BoMag and the Globe offer dueling theories about who shot David Ortiz

David Ortiz celebrates the first of his three championships with the Red Sox. Photo (cc) 2013 by Colin Steele.

Boston magazine and The Boston Globe published dueling stories over the weekend that recount the 2019 shooting of Red Sox legend David Ortiz.

The Boston magazine story, by Mike Damiano, appears to have been many weeks, if not months, in the making — it’s a rich, deeply reported story about Ortiz’s life in the Dominican Republic and his complicated family situation. The Globe article, by Bob Hohler, may have been assigned (or least put on the fast track) in reaction to  BoMag. It’s a newsy account of that attempts to get to the bottom of who ordered Ortiz’s shooting, and why.

By all means, read both. But by far the most interesting detail is the dueling theories about the role of a major drug trafficker, César Peralta, known as “The Abuser.” According to the Globe’s account, former Boston police commissioner Ed Davis, who was hired by Ortiz to investigate the shooting, Peralta is in fact the guy who ordered the hit. Hohler writes:

Davis, disclosing his findings for the first time, said the powerful and politically connected drug lord César “The Abuser” Peralta came to feel disrespected by Ortiz, prompting him to place a bounty on Ortiz’s head and sanction the ragtag hit squad that tried to kill him.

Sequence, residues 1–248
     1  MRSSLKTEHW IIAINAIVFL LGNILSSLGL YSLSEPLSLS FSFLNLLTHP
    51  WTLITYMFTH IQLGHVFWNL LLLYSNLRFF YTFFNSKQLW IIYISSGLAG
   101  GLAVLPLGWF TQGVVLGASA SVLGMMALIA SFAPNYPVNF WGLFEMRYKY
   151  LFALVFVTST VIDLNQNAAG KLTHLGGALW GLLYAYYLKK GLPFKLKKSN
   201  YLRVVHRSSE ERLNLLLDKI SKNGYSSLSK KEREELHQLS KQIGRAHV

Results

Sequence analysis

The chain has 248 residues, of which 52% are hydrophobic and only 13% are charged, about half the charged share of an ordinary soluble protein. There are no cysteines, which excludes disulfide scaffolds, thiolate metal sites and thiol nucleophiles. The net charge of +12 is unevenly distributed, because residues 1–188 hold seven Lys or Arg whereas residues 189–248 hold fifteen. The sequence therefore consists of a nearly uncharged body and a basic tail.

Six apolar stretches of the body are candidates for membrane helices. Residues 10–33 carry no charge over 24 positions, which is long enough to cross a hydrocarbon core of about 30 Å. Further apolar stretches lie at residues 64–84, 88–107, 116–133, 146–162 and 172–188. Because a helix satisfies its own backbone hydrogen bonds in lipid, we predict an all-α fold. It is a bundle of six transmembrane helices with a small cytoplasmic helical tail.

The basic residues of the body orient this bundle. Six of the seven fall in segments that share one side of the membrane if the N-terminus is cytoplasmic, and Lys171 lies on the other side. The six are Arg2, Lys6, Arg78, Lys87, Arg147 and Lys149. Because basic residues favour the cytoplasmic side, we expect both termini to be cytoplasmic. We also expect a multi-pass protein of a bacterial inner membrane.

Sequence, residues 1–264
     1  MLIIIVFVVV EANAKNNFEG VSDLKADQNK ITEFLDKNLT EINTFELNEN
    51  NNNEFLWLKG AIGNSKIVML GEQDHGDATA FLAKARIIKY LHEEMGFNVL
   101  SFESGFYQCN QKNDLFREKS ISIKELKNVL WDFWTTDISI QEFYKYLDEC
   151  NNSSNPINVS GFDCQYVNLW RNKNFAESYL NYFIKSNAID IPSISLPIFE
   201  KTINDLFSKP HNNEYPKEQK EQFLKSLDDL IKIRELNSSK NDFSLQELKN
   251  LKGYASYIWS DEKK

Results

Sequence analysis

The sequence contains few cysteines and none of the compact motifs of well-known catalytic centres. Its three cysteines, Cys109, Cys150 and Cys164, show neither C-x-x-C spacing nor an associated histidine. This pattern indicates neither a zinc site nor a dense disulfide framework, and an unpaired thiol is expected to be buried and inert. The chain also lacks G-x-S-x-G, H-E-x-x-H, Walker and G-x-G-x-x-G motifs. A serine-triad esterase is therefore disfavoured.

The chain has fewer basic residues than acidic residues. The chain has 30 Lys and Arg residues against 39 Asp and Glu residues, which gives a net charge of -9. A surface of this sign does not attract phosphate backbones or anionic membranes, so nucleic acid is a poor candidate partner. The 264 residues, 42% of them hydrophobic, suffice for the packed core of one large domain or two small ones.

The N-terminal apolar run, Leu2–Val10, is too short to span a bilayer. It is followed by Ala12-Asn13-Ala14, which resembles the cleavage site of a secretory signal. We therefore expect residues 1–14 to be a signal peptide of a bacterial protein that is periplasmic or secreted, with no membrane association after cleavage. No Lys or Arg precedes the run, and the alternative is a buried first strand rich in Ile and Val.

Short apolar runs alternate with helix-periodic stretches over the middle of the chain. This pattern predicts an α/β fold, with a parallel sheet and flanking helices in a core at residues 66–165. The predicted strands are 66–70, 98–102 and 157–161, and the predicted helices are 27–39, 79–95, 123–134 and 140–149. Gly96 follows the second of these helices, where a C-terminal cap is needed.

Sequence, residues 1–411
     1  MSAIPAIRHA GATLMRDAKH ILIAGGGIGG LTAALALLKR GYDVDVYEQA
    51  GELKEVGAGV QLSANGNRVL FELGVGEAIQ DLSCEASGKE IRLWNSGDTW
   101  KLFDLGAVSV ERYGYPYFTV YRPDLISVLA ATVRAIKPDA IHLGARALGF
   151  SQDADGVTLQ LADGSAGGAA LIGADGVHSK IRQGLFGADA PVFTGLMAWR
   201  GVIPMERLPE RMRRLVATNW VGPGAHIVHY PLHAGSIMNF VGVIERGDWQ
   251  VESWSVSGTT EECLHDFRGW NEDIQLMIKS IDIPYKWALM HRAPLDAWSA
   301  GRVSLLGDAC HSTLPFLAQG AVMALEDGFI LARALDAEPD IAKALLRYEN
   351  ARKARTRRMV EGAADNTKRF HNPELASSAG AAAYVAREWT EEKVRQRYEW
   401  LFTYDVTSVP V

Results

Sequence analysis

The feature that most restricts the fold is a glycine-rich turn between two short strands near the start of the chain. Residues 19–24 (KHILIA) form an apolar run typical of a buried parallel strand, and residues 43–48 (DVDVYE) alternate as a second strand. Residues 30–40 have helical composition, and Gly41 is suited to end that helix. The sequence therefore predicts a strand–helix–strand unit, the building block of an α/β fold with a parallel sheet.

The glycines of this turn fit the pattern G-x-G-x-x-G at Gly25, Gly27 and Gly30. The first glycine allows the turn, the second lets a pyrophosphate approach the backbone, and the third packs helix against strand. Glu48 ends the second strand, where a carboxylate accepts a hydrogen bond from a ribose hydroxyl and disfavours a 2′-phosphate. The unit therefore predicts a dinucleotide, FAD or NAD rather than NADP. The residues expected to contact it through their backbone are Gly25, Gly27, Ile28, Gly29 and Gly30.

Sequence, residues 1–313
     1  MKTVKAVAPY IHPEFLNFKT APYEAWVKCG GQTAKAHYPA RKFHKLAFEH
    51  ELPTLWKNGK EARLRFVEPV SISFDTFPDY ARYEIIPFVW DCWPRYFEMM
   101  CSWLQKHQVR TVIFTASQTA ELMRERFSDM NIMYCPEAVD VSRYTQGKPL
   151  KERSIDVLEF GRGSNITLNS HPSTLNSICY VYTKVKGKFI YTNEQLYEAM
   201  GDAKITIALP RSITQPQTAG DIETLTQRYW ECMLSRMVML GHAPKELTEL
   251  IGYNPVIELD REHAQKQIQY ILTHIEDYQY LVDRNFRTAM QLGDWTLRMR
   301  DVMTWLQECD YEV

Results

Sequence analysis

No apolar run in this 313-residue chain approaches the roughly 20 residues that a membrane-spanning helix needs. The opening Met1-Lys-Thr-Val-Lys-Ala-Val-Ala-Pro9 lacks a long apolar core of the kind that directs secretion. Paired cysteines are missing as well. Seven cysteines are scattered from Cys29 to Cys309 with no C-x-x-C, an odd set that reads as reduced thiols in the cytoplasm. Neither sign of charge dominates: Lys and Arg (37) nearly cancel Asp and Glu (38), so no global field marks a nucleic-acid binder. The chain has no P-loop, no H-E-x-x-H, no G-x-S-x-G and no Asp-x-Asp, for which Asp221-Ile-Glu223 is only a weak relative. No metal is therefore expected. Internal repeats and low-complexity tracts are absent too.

“Peralta said he had David shot,” Davis said in an interview, citing information that he said US law enforcement officials gathered and shared with him.

The BoMag story, on the other hand, all but rules out Peralta as having any role. Here’s what Damiano has to say:

As I, too, tried to get to the bottom of what caused the shooting, I found that the closer I got to people with genuine knowledge of the Santo Domingo underworld, the more skepticism I heard about the love-triangle theory and any possibility of Peralta’s involvement. One man I spoke with who knows many of the men in Peralta’s circle, as well as some of the men accused of involvement in the shooting, said that the theory was bunk. No part of it added up, he said, and hardly anyone in his neighborhood — Herrera, a hot bed of Dominican drug trafficking — believed it.

The two accounts also raise some questions about access. The Globe’s owner and publisher, John Henry, is also the principal owner of the Red Sox. Davis is a security consultant for the Globe. It does not appear that Davis shared his theory about Peralta with BoMag.

Both stories dismiss the widely mocked theory put forth by Dominican authorities that Ortiz was the victim of mistaken identity.

The conclusion I took away from Damiano’s and Hohler’s reporting was that we may never know who ordered the hit on Ortiz. I’m just glad he’s still with us.

Footnote: I’m told that Damiano has been hired by the Globe.

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Get ready for the 16th Annual Muzzle Awards